Committee for a Responsible Federal Budget

A Bipartisan Bill to Reduce Overlapping Payments in UI and DI

Jun 6, 2013 | Economics| Social Security

Bipartisanship will be a crucial element when it comes to reforming Social Security and achieving other budget related reforms in the near future. In this regard, the introduction of the bipartisan Reducing Overlapping Payments Act, by Senators Tom Coburn (R-OK), Jeff Flake (R-AZ), Angus King (I-ME), and Joe Manchin (D-WV) is an encouraging sign and a step in the right direction for more reform of the Social Security and other parts of the budget.

The bill would end the ability to claim both unemployment insurance and disability insurance benefits simultaneously. As the requirements for each program happen to be mutually exclusive, it is a clear example of current duplication in the budget. To receive UI an individual must be seeking work, while in order to receive DI, an individual must be unable to work for the time being due to a disability. With the new legislation, SSA would have the authority to identify and act on any individuals who benefit from both programs. The bipartisan nature of the proposal is also bolstered by the fact that it was also included the offer portion of the President's budget. OMB estimated that it would save $1 billion over ten years, while CBO did not attach a specific score to it.

The Social Security Disability Insurance trust fund is due to be exhausted in 2016, at which point benefits will be cut by 20 percent or require a transfer from the old-age Social Security trust fund, which as a whole will become insolvent in 2033. While not a large fix for the finances of the Disability Insurance program, there are a significant amount of beneficiaries that receive benefits from both. According to the Government Accountability Office, "In fiscal year 2010, 117,000 individuals received concurrent cash benefit payments from the Disability Insurance (DI) and Unemployment Insurance (UI) programs of more than $850 million, which is allowable under certain circumstances under current program authority." Senator Manchin emphasized that preventing this abuse is necessary to protect those who benefit from the program, “With our national debt exceeding $16.7 trillion and many of our essential benefits programs continuing on an unsustainable path, we must get rid of the waste, fraud and abuse in our system to make sure that those who need benefits will continue to receive them."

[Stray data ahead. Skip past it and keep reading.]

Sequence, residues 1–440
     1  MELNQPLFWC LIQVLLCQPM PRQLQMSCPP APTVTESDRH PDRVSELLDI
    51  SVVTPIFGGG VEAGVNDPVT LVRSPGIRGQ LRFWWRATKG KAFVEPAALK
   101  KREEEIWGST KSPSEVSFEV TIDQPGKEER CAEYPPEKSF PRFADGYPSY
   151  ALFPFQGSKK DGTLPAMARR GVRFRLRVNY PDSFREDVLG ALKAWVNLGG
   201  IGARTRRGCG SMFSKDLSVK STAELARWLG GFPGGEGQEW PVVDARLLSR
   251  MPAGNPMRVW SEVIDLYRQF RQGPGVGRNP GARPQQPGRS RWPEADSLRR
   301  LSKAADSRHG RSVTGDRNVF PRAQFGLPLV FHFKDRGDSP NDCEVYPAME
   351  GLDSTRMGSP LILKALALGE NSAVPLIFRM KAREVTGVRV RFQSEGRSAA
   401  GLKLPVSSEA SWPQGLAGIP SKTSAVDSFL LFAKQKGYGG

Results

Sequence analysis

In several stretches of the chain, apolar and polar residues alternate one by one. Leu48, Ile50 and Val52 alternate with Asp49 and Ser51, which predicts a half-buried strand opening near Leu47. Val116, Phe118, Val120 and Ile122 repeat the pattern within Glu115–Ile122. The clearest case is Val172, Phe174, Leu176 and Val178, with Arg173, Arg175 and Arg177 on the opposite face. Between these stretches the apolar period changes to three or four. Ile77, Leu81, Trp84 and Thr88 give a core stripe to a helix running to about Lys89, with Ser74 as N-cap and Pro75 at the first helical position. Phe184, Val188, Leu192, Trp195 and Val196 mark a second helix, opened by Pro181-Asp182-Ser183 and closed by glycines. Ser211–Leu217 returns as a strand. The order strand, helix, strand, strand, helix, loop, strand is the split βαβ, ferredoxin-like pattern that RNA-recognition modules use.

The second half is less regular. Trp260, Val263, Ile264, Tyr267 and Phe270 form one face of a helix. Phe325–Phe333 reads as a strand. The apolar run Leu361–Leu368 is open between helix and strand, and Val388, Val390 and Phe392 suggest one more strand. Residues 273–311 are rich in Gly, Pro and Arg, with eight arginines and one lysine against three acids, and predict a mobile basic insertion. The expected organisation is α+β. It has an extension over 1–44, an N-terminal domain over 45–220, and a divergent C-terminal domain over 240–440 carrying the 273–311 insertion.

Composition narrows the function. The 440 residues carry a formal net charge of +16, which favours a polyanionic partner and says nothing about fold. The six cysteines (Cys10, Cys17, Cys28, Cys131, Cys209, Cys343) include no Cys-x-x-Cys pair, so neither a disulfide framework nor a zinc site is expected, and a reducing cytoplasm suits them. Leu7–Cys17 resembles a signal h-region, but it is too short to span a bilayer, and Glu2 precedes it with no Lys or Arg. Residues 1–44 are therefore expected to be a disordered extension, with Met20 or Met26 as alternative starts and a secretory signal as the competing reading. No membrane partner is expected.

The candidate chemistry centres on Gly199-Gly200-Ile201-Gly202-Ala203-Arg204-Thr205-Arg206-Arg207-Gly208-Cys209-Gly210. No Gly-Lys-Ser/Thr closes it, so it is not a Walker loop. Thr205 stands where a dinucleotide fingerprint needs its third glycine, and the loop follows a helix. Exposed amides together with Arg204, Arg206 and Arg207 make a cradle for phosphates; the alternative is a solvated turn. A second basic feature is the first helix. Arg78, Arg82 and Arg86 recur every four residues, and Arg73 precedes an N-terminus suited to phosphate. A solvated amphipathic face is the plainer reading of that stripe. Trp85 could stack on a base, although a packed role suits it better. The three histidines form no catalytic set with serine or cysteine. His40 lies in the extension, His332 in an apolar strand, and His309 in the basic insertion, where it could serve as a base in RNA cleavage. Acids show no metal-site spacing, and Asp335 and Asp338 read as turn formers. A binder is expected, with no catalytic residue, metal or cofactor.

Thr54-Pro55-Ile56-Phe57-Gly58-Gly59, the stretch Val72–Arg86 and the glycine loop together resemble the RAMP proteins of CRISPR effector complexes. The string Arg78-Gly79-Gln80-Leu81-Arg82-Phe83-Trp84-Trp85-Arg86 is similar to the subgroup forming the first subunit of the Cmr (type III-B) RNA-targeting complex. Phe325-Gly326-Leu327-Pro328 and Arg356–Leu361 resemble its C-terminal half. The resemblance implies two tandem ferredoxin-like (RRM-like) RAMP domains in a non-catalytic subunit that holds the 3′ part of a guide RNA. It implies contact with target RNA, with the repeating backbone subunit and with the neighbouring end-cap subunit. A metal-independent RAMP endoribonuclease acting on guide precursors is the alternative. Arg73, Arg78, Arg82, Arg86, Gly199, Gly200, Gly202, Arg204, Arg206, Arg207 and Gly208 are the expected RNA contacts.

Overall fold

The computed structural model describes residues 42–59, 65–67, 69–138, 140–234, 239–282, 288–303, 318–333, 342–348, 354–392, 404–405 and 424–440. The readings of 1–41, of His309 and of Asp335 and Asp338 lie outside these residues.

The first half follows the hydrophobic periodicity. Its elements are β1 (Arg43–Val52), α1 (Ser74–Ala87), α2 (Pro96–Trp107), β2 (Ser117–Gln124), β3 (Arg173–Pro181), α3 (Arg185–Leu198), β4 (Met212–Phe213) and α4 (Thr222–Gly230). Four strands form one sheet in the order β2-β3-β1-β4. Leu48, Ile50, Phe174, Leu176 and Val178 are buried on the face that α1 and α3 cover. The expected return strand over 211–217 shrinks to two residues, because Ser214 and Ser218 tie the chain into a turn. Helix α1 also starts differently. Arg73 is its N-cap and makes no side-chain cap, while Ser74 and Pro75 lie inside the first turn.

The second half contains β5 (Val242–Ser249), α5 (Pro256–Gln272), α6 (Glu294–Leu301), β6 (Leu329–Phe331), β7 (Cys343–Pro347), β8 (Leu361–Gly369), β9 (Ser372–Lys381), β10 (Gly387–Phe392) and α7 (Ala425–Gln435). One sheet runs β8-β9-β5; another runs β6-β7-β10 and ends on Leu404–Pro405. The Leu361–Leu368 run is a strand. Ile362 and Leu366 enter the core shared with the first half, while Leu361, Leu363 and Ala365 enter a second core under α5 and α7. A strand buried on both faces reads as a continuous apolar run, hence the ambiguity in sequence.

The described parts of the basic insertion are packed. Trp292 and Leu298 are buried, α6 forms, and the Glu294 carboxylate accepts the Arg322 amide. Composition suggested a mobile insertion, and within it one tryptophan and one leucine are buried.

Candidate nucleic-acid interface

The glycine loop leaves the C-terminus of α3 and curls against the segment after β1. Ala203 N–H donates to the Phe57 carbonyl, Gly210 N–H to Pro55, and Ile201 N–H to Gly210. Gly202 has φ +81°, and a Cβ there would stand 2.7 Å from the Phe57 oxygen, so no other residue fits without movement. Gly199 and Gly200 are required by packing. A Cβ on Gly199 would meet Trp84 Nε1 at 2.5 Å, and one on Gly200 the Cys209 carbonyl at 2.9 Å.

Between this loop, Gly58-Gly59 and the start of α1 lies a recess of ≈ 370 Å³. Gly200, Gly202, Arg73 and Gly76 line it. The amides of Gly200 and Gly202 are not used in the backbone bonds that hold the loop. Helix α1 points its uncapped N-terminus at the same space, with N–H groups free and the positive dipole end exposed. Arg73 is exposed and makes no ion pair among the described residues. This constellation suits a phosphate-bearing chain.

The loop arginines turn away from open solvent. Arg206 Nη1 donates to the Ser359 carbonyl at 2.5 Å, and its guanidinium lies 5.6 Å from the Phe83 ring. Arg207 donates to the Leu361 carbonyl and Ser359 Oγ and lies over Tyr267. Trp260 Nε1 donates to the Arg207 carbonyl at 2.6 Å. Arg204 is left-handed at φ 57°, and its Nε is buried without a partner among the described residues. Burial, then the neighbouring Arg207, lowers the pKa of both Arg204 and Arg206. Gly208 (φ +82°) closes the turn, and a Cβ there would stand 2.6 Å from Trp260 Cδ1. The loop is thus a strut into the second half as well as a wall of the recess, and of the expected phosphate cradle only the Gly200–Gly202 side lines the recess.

It's good to see bipartisan support for this bill and a comittment to reduce duplication and overlap where it makes sense. Hopefully, this is just the start and lawmakers will work to find more common ground on reforms such as these throughout the federal government.